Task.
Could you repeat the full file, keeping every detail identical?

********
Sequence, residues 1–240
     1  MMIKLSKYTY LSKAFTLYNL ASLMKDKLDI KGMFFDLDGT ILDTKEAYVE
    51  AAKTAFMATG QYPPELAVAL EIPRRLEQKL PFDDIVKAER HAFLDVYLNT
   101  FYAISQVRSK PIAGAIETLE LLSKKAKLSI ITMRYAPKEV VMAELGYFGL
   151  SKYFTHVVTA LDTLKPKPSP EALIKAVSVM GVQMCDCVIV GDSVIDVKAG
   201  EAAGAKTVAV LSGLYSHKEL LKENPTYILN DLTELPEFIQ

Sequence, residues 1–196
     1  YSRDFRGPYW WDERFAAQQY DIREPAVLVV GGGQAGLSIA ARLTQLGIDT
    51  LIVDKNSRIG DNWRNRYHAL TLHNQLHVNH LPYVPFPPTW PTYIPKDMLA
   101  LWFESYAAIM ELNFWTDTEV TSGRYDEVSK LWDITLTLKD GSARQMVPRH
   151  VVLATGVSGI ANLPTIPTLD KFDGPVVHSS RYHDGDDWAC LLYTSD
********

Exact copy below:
Sequence, residues 1–240
     1  MMIKLSKYTY LSKAFTLYNL ASLMKDKLDI KGMFFDLDGT ILDTKEAYVE
    51  AAKTAFMATG QYPPELAVAL EIPRRLEQKL PFDDIVKAER HAFLDVYLNT
   101  FYAISQVRSK PIAGAIETLE LLSKKAKLSI ITMRYAPKEV VMAELGYFGL
   151  SKYFTHVVTA LDTLKPKPSP EALIKAVSVM GVQMCDCVIV GDSVIDVKAG
   201  EAAGAKTVAV LSGLYSHKEL LKENPTYILN DLTELPEFIQ

Sequence, residues 1–196
     1  YSRDFRGPYW WDERFAAQQY DIREPAVLVV GGGQAGLSIA ARLTQLGIDT
    51  LIVDKNSRIG DNWRNRYHAL TLHNQLHVNH LPYVPFPPTW PTYIPKDMLA
   101  LWFESYAAIM ELNFWTDTEV TSGRYDEVSK LWDITLTLKD GSARQMVPRH
   151  VVLATGVSGI ANLPTIPTLD KFDGPVVHSS RYHDGDDWAC LLYTSD